If hard right congressional demands are not accepted and “a shutdown occurs, then so be it,” Rep. Ralph Norman (R-S.C.) told The Hill last month. “We should not fear a government shutdown,” Rep. Bob Good (R-Va.), said outside the Capitol Building in July. “Most of what we do up here is bad anyway.”

Millions of people disagree, particularly those who would miss needed federal services — including Head Start preschool programs, the Women, Infants and Children (WIC) nutrition project, new small business loans, clinical trials, and other scientific research. Other operations like postal delivery, law enforcement, and air traffic control and security would continue.

The first threatened shutdown was in 1879, according to a National Park Service article. “Fearing ‘negro domination,’” after the Civil War, the Park Service said White southern Democrats thwarted approval of the government’s $45 million budget because they did not want money for federal marshals and the Army to protect Black voting rights. “At no time before,’ the article said, ‘had there been such a bold attempt to ‘shut down’ the operations of the federal government by a denial of funding.”

But that era was far different from now.

“The modern Congressional budget process didn’t take hold until the 1970s,” Maya MacGuineas, president of the nongovernmental, bipartisan Committee for a Responsible Federal Budget, explained, ‘so today’s funding battles are not at all comparable to eras before then.”

Furthermore, MacGuineas said legal opinions issued by Carter administration Attorney General Benjamin Civiletti in 1980 and 1981 argued “the Antideficiency Act requires agencies to stop working during funding gaps, thus the creation of the modern shutdown.”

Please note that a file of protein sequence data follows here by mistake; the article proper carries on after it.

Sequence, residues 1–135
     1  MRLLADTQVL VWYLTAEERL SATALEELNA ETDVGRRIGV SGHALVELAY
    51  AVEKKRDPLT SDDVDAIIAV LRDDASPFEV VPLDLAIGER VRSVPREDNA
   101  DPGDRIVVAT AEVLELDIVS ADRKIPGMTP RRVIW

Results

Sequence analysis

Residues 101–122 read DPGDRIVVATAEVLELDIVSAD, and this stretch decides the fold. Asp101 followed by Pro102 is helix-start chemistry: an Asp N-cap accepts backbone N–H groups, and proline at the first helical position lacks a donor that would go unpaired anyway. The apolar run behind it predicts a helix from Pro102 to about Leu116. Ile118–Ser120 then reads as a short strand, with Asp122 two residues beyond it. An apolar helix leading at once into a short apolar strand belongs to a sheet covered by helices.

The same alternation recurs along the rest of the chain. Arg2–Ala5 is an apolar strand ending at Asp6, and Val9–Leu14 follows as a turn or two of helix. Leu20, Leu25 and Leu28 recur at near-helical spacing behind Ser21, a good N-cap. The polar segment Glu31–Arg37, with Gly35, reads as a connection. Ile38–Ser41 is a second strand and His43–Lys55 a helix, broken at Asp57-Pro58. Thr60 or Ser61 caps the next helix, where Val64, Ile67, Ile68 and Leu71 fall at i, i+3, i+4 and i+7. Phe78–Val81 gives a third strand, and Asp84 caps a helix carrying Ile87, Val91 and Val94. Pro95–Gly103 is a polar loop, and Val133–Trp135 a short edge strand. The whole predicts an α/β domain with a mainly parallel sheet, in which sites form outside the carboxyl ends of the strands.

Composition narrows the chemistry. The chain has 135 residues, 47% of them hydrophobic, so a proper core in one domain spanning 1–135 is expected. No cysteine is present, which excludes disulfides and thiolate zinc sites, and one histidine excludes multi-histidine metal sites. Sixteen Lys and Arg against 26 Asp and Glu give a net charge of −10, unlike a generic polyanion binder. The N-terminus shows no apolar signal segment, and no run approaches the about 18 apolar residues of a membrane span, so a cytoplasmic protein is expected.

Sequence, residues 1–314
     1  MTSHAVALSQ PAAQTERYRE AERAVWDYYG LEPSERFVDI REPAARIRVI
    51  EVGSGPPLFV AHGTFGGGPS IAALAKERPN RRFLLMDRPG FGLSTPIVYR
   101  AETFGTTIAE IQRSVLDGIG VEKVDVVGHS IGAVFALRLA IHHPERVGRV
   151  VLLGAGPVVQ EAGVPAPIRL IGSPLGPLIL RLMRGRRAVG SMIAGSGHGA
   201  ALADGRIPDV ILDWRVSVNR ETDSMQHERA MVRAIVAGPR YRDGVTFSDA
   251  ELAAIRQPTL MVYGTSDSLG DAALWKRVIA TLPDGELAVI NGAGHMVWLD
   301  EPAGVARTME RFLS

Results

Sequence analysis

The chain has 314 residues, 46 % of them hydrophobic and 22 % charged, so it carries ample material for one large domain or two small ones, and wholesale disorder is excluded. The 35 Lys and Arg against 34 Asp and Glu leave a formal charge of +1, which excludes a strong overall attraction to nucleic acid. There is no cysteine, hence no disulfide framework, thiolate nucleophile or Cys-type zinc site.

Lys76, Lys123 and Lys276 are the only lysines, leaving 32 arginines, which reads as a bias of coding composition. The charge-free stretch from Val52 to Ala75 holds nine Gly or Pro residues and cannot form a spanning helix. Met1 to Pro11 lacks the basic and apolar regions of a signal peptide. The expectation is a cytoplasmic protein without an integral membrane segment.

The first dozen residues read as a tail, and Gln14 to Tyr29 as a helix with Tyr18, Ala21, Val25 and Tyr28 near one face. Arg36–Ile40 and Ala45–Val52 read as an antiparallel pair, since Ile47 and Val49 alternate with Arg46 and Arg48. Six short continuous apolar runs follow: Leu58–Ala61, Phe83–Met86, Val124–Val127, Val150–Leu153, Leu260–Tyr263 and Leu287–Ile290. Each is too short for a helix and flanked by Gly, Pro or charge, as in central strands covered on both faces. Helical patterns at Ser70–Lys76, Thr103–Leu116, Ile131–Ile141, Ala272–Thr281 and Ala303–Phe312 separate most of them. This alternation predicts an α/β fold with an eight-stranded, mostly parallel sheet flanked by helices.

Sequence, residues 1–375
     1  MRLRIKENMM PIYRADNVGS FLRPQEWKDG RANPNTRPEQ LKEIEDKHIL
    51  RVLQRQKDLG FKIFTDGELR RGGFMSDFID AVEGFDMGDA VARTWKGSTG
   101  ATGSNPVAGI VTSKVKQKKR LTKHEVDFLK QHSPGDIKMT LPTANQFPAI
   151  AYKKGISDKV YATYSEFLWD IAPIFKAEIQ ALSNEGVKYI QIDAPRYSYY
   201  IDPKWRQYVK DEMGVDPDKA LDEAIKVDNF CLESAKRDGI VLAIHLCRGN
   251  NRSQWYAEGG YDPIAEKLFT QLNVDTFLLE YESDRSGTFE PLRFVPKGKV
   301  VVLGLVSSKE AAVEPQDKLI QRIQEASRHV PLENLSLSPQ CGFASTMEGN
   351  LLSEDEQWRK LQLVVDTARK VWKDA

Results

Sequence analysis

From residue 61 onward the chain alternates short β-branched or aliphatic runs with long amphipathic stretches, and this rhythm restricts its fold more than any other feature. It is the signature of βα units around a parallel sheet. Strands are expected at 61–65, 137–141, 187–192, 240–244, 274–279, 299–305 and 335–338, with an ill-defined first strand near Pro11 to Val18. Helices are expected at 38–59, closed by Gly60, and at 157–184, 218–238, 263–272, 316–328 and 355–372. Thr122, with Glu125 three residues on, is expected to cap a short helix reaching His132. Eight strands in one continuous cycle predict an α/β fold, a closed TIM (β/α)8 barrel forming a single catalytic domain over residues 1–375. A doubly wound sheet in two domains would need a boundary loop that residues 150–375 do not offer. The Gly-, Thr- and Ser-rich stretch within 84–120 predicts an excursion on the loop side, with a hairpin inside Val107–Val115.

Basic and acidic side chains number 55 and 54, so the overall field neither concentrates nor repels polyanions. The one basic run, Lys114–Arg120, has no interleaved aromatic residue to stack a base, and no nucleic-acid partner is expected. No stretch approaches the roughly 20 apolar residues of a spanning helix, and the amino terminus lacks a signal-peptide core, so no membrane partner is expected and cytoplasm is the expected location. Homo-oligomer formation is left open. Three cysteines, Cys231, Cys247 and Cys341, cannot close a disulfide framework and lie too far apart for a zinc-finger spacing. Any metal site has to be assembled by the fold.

Other nations don’t threaten their citizens this way.

America’s bicameral legislature and the separation of powers have their strong points, but they also provide structural reasons the United States suffers more of these disruptions than other countries. Parliamentary democracies with one chamber, or at least one dominant chamber, don’t have bicameral fights that interfere with government work. Nor do they separate the legislative and executive functions as America does, eliminating another point of contention.

“Shutdowns have always occurred when one party controlled the executive branch and the other controlled one chamber of the legislature,” MacGuineas said, “so there is always a higher risk of shutdown during divided government.”

This system can work if people on Capitol Hill make it happen.

“The big issue these days is that we are so polarized, lawmakers refuse to compromise, almost out of principle, which undermines our ability to govern in many ways,” MacGuineas said. “Fights over the debt ceiling and government funding are two of the best and stupidest examples of this.”

Voters can make a difference too, but “the American public doesn’t hold its leadership accountable for the way it they manage our government,” said Max Stier, president and CEO of the Partnership for Public Service.

One reason is the impact of shutdowns is not evenly felt. Because all government shutdowns are partial, they hit some segments of the population — low-income families depending on the federal nutrition plan, for example — harder than others.

Another reason shutdowns continue in America, Stier added, is debates over funding lapses often are “portrayed as a competition between … political parties, rather than having a real appreciation for fundamentally what’s at stake.”

Now, we have the added problem of competition within the Republican Party aggravating the shutdown threat.